WW2 SCARCE NO 5 FREE NORWEGIAN TROOP / 10th INTER ALLIED COMMANDO OFFICERS CAP BADGE
A fine scarce Officers Silver hallmarked Ancor, Lion and T for Birmingham 1943, with maker JR Gaunt & Sons to reverse. Worn only 1942 to 45.
The No. 5 Norwegian Troop was formed in August 1942 under command Captain Rolv Hauge, the men of the troop came from refugees brought back to Britain after commando raids and sailors stranded abroad after the German invasion of Norway.
The H7 is the monogram of King Haakon VII and was used as a symbol of freedom. 3.6cm in diameter.
In August 1942 Hauge was given the command of No. 5 Norwegian Troop of the No. 10 (Inter-Allied) Commando, with the rank of captain. Hauge was authorized to select volunteers from the whole Norwegian Brigade, but with the core from Company 4 which recently had undergone the shock troops training course. The unit was initially based in Nefyn in Wales, and underwent a standard three-week Commando Hardening Course in Achnacarry before they were accepted as commandos.
In January 1943 a detachment from the troop participated in Operation Cartoon, an attack on the pyrite mines of Stordø Kisgruber at Litlabø near Sagvåg in Stord, Norway. From May 1943 the unit was based in Eastbourne and went through intensive training in preparation for landing operations. From January 1944 they were stationed in Shetland, where they took part in raids to the Norwegian coast, and in June they moved back to Eastbourne. Hauge's unit took part in the Battle of the Scheldt, in particular the Operation Infatuate, the victorious attack on Walcheren in November 1944.Hauge's report from the attack on Walcheren is reprinted in Eystein Fjærli's book from 1982. The unit had a loss of four killed and seventeen wounded during the eight days of the attack, Hauge being amongst the wounded. While recuperating, Hauge was awarded the British Military Cross for his leadership during the Walcheren battle.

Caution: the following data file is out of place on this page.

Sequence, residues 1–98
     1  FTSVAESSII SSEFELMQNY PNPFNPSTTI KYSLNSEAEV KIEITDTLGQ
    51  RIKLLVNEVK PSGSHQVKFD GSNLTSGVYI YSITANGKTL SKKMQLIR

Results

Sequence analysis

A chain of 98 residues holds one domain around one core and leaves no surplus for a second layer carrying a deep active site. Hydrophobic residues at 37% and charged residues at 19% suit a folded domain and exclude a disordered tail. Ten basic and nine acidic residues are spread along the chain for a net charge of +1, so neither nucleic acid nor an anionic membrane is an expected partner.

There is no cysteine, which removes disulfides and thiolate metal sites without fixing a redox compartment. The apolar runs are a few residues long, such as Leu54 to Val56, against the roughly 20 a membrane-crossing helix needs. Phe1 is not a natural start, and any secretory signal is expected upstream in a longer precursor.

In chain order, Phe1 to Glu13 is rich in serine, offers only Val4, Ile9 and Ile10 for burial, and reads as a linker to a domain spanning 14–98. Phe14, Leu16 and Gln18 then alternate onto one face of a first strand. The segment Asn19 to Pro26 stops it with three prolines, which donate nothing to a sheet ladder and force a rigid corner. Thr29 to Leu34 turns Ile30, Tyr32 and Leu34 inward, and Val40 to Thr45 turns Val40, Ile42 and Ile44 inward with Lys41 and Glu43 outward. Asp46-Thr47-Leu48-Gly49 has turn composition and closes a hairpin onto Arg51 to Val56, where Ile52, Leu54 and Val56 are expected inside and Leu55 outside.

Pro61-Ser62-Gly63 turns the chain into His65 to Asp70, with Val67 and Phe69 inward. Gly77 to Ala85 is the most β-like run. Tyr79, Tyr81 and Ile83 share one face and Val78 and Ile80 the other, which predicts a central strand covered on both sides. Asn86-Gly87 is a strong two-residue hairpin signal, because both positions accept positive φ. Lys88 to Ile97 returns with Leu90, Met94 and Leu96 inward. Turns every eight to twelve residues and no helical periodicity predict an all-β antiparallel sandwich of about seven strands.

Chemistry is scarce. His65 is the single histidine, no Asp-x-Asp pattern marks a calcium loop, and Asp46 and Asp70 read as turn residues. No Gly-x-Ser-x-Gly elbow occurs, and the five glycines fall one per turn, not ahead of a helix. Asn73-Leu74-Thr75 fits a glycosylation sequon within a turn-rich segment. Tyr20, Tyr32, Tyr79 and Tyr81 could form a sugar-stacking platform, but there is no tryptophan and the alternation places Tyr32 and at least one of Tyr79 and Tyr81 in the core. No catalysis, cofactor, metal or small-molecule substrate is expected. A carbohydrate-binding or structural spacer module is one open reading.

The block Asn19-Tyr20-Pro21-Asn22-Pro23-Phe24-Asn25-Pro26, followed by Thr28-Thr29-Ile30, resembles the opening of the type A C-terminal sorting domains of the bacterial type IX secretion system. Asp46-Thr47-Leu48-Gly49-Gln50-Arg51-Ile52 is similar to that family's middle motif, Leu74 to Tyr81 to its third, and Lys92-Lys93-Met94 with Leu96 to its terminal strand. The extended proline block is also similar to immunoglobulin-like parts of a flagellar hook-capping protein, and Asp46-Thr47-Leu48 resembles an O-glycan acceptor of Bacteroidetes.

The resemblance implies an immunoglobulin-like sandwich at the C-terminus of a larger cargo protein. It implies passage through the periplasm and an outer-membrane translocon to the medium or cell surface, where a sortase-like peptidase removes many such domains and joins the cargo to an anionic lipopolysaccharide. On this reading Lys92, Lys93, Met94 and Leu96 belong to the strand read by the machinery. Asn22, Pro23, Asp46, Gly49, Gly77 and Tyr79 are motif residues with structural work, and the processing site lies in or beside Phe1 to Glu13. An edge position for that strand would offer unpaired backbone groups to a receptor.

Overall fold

In January 1945, No. 5 Norwegian Troop took part in the attack on the island Kapelsche Veer, along with No. 47 (Royal Marine) Commando. This attack was not an immediate success, but the island was conquered by Canadian troops a few weeks later. After the first Norwegian assault against the German lines had resulted in more than 50% casualties, Hauge had called off the renewed attacks ordered by No. 47 (Royal Marine) Commando. No. 5 Norwegian Troop saw no further fighting during the war after the Kapelsche Veer attack, being instead sent to officially neutral Sweden on 1 May 1945. On 9 May 1945, eight days after arriving in Sweden, Hauge led No. 5 Norwegian Troop over the border to Norway to take part in the disarming of the surrendered German forces there. When Crown Prince Olav returned to Norway on 13 May, No. 5 Norwegian Troop formed his guard of honour.
Among Hauge's war decorations were the St. Olav's Medal With Oak Branch, the Norwegian War Medal, the Defence Medal 1940–1945, the Haakon VII 70th Anniversary Medal, the British Military Cross, the 1939–45 Star, and the France and Germany Star.